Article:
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In 1989, Shaffer wrote a thirty-page film script treatment entitled The Loathsome Lambton Worm, a direct sequel to The Wicker Man, for producer Lance Reynolds.[41] It would have been more fantastical in subject matter than the original film, and relied more heavily on special effects. In this continuation of the story, which begins immediately after the ending of the first film, Sergeant Neil Howie is rescued from the burning Wicker Man by a group of police officers from the mainland. Howie sets out to bring Lord Summerisle and his pagan followers to justice,[4] but becomes embroiled in a series of challenges which pit the old gods against his own Christian faith. The script culminates in a climactic battle between Howie and a fire-breathing dragon - the titular Lambton Worm - and ends with a suicidal Howie plunging to his death from a cliff while tied to two large eagles.[42] Shaffer's sequel was never produced, but his treatment, complete with illustrations, was eventually published in the companion book Inside The Wicker Man.[43]

Hardy was not asked to direct the sequel, and never read the script, as he did not like the idea of Howie surviving the sacrifice, or the fact that the actors would have aged by twenty to thirty years between the two films.[44] In May 2010, Hardy discussed The Loathsome Lambton Worm. "I know Tony did write that, but I don't think anyone particularly liked it, or it would have been made.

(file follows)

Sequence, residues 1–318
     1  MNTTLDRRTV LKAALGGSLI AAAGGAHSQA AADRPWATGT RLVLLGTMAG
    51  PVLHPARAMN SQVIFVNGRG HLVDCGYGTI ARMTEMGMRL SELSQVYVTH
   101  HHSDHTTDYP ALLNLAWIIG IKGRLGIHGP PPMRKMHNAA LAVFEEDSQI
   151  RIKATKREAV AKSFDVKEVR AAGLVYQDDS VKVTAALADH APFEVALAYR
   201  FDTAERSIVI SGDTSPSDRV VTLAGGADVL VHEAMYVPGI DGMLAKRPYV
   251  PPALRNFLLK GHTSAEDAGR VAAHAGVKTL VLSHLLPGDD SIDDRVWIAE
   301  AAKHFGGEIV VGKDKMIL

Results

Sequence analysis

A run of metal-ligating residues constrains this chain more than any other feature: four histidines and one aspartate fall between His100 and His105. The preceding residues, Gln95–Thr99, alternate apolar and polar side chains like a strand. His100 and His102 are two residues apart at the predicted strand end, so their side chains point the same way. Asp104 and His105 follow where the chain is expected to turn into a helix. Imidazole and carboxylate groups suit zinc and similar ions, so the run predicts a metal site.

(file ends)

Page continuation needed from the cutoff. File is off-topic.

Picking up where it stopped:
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Christopher Lee and Britt Ekland would co-star in the James Bond film The Man with the Golden Gun (1974) a year later. Diane Cilento was previously married to Sean Connery.
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The film was shot in 25 different locations.
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According to Gary Carpenter, Paul Giovanni's first choice for the film's music was the band Pentangle, but Carpenter convinced him that his band, Magnet, knew more about folk music and were much cheaper.
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According to Gary Carpenter, Paul Giovanni suggested that he and his band smoke dope to try and get into the mood. They just fell about laughing and were unable to play their instruments.
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In between takes of Britt Ekland's nude dance scene, she was covered with a towel, which Gary Carpenter had to remove every time they filmed. "It's the weirdest job I've ever had - but certainly not the most unpleasant".